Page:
Funding Bill Includes Investment in Space Exploration, Earth Science Research, and Early Earthquake Warning System
WASHINGTON, D.C. – Today, Rep. Adam Schiff (D-CA) released a statement in response to the passage of an appropriations bill with funding for space exploration, earth science research, and early earthquake warning systems:
“Scientific research, advances, and discoveries have the potential to expand understanding of our planet and the universe beyond it, and to make life better and safer for all who inhabit it,” said Rep. Schiff. “I am pleased that the House prioritized critical investments today through the passage of the Appropriations bill, which will keep us on track to do a sample return from Mars, launch a spacecraft into the orbit of and one day touch down on Europa, and deepen our knowledge of planet Earth as we confront the reality of climate change. I am also pleased that the House again provided strong support for earthquake early warning, as California and the West Coast continue to rollout a system that will save lives and property when the next big quake strikes. American leadership in space exploration, scientific research and technology has long been a key driver of our economic growth and, with sustained investment, will continue to be for years to come.”
Highlights of the appropriations bill include funding for the following Schiff priorities:
- Providing $570 million for the Mars Exploration Program to ensure the launch of the Mars 2020 mission and to further development of a mission to return samples from Mars’ surface to Earth, to be launched in 2026;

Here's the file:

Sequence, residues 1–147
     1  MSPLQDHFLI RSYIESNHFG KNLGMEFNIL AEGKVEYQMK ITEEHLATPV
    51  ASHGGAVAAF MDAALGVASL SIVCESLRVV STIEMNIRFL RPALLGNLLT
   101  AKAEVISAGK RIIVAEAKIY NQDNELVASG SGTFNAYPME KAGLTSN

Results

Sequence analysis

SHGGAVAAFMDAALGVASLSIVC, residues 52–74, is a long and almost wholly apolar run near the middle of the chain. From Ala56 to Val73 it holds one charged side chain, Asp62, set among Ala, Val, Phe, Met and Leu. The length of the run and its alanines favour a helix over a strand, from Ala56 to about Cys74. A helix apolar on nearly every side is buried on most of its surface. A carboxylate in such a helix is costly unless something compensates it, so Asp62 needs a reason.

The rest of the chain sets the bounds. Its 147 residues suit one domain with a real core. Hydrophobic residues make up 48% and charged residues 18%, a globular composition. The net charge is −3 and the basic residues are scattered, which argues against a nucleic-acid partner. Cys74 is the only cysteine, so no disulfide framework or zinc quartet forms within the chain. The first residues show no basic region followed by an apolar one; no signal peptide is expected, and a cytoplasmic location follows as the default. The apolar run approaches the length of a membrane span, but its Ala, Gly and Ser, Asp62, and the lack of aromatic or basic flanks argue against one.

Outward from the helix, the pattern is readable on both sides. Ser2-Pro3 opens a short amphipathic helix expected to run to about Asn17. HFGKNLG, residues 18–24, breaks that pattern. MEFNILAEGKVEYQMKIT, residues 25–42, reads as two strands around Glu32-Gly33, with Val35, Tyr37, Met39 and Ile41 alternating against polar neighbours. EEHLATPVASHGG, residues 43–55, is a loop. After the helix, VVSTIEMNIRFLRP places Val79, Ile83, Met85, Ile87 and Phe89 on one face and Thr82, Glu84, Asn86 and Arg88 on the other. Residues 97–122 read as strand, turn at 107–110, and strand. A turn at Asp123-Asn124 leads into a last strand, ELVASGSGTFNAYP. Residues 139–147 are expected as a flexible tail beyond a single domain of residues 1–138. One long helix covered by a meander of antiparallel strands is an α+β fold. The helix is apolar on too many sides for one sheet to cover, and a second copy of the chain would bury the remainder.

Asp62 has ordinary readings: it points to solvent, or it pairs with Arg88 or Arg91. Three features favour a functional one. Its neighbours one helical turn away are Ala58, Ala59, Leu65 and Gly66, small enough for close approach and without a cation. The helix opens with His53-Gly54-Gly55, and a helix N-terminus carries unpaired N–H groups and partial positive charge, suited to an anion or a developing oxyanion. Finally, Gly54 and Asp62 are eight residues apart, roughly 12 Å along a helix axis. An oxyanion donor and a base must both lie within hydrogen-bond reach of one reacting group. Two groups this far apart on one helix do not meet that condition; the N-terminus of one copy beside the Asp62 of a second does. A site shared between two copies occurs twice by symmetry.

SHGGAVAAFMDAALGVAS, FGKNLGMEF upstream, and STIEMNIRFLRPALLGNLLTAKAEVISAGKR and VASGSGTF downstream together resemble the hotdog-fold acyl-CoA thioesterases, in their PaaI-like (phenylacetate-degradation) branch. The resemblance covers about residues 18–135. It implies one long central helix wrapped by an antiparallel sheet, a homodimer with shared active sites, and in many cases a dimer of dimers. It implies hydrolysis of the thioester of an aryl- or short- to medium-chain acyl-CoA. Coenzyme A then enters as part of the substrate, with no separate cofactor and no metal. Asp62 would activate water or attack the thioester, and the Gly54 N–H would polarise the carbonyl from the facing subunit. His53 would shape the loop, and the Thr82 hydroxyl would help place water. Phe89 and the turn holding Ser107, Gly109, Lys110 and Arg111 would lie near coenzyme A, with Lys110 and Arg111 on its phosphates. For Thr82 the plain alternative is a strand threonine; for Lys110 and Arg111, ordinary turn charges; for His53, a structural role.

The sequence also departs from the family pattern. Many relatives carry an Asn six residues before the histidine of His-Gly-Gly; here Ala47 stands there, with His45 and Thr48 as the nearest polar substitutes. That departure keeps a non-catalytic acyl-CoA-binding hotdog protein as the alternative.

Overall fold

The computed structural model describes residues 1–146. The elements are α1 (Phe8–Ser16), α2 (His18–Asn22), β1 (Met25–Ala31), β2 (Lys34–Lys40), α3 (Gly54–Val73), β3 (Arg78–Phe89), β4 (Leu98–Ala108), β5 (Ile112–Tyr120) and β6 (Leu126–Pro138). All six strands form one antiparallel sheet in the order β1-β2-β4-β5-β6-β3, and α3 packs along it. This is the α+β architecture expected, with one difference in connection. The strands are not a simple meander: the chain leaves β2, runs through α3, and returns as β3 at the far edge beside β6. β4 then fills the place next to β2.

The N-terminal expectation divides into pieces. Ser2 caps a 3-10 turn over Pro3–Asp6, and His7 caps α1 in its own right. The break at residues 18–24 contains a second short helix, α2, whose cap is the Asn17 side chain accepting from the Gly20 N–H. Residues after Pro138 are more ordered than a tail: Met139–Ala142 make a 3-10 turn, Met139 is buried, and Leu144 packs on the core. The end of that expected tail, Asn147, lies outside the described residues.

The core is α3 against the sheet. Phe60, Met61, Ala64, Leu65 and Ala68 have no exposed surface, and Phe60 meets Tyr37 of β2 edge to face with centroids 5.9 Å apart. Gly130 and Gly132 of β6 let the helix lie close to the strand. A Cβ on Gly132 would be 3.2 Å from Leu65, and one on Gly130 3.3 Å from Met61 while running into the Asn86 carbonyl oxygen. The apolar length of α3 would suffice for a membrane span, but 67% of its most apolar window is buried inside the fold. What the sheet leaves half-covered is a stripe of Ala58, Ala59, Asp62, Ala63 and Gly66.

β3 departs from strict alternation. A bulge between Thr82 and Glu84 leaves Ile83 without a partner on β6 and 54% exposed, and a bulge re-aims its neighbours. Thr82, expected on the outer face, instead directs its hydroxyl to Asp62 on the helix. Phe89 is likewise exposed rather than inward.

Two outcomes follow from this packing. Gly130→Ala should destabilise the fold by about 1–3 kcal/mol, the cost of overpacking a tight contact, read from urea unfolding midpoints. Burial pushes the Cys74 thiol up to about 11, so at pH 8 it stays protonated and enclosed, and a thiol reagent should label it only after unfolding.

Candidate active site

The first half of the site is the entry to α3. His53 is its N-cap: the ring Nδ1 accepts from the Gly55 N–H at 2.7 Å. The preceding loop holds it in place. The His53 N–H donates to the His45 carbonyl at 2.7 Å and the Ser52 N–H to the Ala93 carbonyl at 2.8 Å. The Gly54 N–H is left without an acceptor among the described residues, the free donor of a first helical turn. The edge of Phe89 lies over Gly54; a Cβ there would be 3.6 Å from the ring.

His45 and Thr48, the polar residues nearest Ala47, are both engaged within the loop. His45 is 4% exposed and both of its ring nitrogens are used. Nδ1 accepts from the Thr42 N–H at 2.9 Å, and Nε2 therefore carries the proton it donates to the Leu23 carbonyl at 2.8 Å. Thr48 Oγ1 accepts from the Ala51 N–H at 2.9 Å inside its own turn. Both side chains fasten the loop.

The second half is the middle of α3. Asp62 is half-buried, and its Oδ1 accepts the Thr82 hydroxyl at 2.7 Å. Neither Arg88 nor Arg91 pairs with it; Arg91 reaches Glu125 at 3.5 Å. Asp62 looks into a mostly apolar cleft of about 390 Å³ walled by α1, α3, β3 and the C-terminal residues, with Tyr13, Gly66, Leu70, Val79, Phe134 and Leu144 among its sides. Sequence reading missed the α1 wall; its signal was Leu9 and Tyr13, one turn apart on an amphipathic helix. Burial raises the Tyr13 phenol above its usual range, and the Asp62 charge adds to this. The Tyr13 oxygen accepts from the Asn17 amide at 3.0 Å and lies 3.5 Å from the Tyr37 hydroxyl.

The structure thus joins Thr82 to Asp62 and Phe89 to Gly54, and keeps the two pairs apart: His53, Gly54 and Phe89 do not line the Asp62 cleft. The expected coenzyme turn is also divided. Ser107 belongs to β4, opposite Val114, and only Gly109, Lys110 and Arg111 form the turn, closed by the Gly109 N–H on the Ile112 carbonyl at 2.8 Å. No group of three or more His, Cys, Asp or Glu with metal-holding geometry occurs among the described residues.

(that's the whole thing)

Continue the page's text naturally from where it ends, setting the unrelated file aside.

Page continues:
- Providing funding at the requested amount for the Europa Clipper Mission, to launch a spacecraft into the orbit of Jupiter’s moon Europa by 2023, and a lander launch no later than 2025, plus $60 million for “Icy Satellites Surface Technology,” to study landing on the surface of an icy planet;
- Providing $2.023 billion, a $92 million increase from FY2019, in funding for Earth Science, to fuel the critical work of studying planet Earth and its inhabitants, a pressing priority given the reality of climate change.
- Providing $19 million for continued development and expansion of the ShakeAlert West Coast earthquake early warning system, and $6.7 million in infrastructure funding for capital costs.
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